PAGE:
I remember an acrimonious argument about this point many years ago when I was a very active editor here. I took the point of view, backed up by the text on their own albums and mentions in the New York Times, that "the" should be used. I thought at the time, however, that "The" had prevailed, mainly because the Trio themselves had copyrighted The Kingston Trio with a capital T. Glad to see that sanity has now prevailed. Hayford Peirce (talk) 23:39, 12 November 2018 (UTC)

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Excellent revisions by David Brooks, but one minor question[edit]

I think those are fine edits that you made. I do query removing "who were signed by EMI/Capitol just as the Trio's seven-year contract was running out", however. This seems to me to be both interesting and pertinent. Unless this same info is somewhere else in the article, I myself would leave it in. I don't feel strongly enough about this point, however, to restore the previous version. Best! Hayford Peirce (talk) 23:35, 12 November 2018 (UTC)

It struck me as an unnecessary detail to the point that the Trio faded as the British invasion arose, but I do not feel very strongly about it either. If you want to return it, I won't balk. - DavidWBrooks (talk) 01:53, 16 November 2018 (UTC)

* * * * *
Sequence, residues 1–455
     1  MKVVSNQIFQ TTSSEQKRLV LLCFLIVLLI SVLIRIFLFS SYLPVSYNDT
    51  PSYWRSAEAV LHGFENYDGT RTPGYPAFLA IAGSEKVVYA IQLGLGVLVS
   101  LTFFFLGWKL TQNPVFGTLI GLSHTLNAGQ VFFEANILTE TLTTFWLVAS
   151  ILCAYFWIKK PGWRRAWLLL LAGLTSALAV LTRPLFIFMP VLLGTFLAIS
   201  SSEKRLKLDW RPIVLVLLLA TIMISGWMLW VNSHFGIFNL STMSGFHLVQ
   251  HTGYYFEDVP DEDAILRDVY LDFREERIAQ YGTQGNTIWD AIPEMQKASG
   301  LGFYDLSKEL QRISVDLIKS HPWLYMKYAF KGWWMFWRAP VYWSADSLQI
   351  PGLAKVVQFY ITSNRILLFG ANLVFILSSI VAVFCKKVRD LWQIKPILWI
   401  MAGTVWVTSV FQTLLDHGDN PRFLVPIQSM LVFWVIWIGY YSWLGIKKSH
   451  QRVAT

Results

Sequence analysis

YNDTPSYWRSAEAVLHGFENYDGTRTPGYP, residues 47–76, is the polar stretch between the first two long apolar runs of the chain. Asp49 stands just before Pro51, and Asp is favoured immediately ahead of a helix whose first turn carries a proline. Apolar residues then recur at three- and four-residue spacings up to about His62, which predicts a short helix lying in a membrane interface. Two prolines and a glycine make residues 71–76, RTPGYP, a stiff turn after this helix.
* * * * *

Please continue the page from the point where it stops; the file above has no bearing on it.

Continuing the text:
Thanks, I'll do it. My feeling, having been a novelist rather than a journalist (where concision is obviously at a premium), is that the more info about anything the better. Hayford Peirce (talk) 16:38, 16 November 2018 (UTC)
Another ten words need to be added back here as well to prevent the tautology that their removal created: "due partly to the number and popularity of the aforementioned imitators in the pop-folk world but also to the rise of other major commercial folk groups like Peter, Paul and Mary" is the current edit. PP&M were conceived as "a hipper version of the Kingston Trio" by Albert Grossman, and those are his words. The phrase that needs to be added back follows PP&M and says "whose music had a decidedly more political bent than the Trio's," which distinguished PP&M, the Chad Mitchell Trio, and a few others who were doing Dylan and political songs from the truly impressive number of initial imitators like The Brothers Four and The New Christy Minstrels (both of whom sold millions and millions of records) who emulated the KT's frat boy/good time image and that deliberately sought to avoid the dangers of political music that the destruction of The Weavers had illustrated. This thread is picked up later in the article, but the phrase that needs to be added back is precisely what distinguished PP&M from the "aforementioned imitators." regards, Sensei48 (talk) 07:17, 13 December 2018 (UTC)